​Hello fellow Zebras!
My name is Alyssa Cleland and I’m a young para-dressage rider who is working her way towards the LA 2024 Paralympics! I just recently got sponsored by HofZ and Forest asked me to sit down and writ a blog post, so that’s what I’m doing! So, buckle up and enjoy the ride that is my life story (the short version).
I was born in Mariupol; a small town in Ukraine and have a rare condition called Paraxial Tibial Hemimelia. This happens to 1 in a million people and left me without a tibia on my right leg. I ended up in an orphanage, but at the age of 4 I was adopted by an amazing family and brought to the US where I had surgery to remove the excess limb on my right side so that I could start using prosthetics to walk. Shortly after my surgery, I was given my first leg, and flourished with it; despite what the doctors had told my parents. From then on, it has been leg after leg, after leg! I either grew out of them or completely destroyed them due to my insane activity level. I tried every sport there was! I did triathlons, running, soccer, baseball, volleyball, and horseback riding. I started riding when I was ten, but it proved to be quite difficult as many facilities wouldn’t allow me to ride since they saw my leg as a liability. Because of this, I turned to volleyball instead. After playing volleyball throughout middle school and high school, I moved to OK in 2015 to join the Paralympic Sitting Volleyball Team. While training in OK, I also got back into horseback riding and rode whenever I could, whether that was taking lessons, riding friends’ horses, or exercising other peoples’ horses for them. As I began to lose my love for volleyball and noticed that I was not needed on the team, I decided it was time to move onto bigger and better things.
Para-dressage, like dressage, is for the disabled part of the equestrian community. Dressage is defined as the highest form of training and way to express the horses’ natural athletic abilities. And I don’t think it could be described any better! The elongated gaits, and the various movements that are asked from the horse, is like watching a dance. On the para side of it, the rider is classified based on the disability and competes against others in their classification as to make things fair. You wouldn’t put someone that’s missing three limbs against someone who’s only missing one, would you? The higher the grade, the more movements, gaits (or speeds) and harder tests you have to ride. With this, I have been classified a Grade III, which makes me highly competitive and gives me a better advantage than if I were to be ranked a Grade IV. With para-dressage, many aids are used to help the rider depending on what their needs are. For me, I use a strap to keep my nub in place in the saddle since I’m not allowed to wear my prosthetic, and I use a whip to act as my right leg and use it for cues on the horses’ right side when I need to do a leg yield, increase speed, or go deep into a corner.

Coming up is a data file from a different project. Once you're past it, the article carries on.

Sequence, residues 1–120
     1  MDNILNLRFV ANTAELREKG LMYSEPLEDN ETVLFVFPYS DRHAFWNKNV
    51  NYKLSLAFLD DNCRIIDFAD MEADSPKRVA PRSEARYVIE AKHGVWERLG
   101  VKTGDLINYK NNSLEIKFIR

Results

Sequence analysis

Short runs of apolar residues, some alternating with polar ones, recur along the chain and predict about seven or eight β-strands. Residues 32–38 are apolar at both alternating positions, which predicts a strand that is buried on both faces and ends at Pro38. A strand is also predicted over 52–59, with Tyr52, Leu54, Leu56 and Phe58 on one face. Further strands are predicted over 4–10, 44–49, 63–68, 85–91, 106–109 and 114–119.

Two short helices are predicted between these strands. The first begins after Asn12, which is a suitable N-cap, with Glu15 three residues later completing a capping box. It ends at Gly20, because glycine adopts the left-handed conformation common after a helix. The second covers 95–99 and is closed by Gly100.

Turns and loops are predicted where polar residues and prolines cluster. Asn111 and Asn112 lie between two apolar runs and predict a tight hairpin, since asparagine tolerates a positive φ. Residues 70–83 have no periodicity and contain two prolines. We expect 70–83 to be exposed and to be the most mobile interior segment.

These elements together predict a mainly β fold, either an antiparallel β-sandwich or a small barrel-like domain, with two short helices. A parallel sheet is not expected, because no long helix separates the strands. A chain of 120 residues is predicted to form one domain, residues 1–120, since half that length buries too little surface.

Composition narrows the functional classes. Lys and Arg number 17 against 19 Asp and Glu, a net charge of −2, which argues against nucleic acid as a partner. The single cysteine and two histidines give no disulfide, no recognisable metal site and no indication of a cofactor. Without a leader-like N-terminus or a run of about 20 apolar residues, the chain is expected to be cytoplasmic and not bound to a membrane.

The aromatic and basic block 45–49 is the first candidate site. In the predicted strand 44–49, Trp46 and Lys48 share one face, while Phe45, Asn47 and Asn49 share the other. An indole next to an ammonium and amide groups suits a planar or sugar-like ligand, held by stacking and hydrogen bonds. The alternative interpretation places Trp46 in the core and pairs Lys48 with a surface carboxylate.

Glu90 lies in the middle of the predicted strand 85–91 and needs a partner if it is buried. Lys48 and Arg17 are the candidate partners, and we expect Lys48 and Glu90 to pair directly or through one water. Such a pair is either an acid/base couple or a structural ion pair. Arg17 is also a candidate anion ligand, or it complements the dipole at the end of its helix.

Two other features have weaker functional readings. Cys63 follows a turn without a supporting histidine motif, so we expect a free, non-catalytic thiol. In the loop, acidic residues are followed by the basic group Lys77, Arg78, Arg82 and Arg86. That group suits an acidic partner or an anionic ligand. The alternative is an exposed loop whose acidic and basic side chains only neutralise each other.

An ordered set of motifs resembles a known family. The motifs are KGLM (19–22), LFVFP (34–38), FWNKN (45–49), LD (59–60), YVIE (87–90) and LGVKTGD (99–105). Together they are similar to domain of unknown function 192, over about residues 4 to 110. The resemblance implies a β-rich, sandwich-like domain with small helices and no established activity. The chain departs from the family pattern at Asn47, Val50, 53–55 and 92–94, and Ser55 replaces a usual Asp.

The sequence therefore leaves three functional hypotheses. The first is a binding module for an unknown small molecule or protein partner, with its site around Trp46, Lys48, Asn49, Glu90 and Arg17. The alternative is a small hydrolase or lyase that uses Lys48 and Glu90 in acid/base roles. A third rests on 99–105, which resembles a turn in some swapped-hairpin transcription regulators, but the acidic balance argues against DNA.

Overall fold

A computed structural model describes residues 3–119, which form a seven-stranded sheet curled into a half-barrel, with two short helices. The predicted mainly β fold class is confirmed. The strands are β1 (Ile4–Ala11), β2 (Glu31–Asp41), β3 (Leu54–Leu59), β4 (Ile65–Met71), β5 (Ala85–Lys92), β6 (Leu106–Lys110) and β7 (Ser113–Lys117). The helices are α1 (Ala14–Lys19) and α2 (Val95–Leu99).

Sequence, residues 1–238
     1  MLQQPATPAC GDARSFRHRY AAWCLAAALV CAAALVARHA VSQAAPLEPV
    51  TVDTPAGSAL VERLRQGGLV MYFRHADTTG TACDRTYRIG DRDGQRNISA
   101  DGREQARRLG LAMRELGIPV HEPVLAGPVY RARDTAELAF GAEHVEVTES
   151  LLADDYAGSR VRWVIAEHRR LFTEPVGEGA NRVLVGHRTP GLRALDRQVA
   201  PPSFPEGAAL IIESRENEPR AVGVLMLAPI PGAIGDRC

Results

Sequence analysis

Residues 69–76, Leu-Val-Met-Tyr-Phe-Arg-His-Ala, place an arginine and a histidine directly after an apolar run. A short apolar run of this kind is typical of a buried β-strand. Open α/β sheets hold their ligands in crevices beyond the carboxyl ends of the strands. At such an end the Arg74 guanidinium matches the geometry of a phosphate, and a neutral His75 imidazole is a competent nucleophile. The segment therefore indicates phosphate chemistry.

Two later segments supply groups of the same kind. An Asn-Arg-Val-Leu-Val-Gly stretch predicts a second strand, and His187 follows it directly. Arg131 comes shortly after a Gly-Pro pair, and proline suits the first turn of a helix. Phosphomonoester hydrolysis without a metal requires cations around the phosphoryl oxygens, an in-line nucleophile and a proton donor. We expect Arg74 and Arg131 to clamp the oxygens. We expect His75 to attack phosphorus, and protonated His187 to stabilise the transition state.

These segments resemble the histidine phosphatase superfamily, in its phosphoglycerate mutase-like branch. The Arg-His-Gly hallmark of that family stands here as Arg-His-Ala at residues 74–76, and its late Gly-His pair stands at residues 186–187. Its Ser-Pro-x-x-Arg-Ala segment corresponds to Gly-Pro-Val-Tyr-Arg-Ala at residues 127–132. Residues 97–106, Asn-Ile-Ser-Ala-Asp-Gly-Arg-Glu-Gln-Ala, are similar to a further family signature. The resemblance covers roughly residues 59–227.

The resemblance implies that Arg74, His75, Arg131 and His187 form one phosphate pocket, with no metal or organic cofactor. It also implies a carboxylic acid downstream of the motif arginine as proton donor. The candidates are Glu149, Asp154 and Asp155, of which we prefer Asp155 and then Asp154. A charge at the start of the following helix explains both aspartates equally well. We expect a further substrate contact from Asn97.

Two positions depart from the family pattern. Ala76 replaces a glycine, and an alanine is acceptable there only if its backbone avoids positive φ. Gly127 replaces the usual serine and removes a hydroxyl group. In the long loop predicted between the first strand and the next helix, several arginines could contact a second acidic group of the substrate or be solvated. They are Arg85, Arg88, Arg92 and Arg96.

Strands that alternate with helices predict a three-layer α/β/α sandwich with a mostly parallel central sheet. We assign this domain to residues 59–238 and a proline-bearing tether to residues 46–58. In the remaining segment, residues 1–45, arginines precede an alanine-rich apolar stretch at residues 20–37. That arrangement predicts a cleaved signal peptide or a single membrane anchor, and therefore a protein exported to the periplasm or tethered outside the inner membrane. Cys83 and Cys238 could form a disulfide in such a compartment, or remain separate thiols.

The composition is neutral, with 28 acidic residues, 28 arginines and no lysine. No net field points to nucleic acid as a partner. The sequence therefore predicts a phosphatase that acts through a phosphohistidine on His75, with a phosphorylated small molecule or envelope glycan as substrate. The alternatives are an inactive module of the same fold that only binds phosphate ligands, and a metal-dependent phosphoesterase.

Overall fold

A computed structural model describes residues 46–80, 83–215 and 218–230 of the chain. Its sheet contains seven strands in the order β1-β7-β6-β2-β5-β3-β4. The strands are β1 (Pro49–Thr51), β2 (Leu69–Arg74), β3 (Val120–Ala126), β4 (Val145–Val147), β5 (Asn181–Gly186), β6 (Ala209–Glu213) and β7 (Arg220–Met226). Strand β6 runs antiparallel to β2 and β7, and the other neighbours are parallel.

I got involved in Para-dressage after attending a clinic in TX at a facility that I’d soon call my own. After that, I took off like a rocket. I began driving from OK to TX every weekend and would have 3-4 lessons a day! I have made quick improvements, and if you saw me the first day vs now, you wouldn’t know I was the same rider. My coach is amazing and really pushes me to be a better rider and also keeps up with my crazy training schedule. I have since then moved to TX to train full time and started leasing a horse named NTEC Daytona Beach and we are getting better and better with every ride. During my 2018 show season, we made it to Regional Championships with our Intro B test and placed 5th. Going into 2019, we will be focusing on the Grade IV Para Test as well as looking for a new mount that can do higher level movements. 
​I found out about Herd of Zebras quite a while ago and kind of Insta stalked them here and there until Forest reached out to me and asked if I wanted to be apart of the herd (I was star struck!) I immediately said yes and since then things have just been taking off. I’m so honored to be able to share my story and have such a wonderful company supporting me and this crazy journey I’m on!
Thank you so much for reading and if you want to follow my journey you can do so through Instagram @alcequine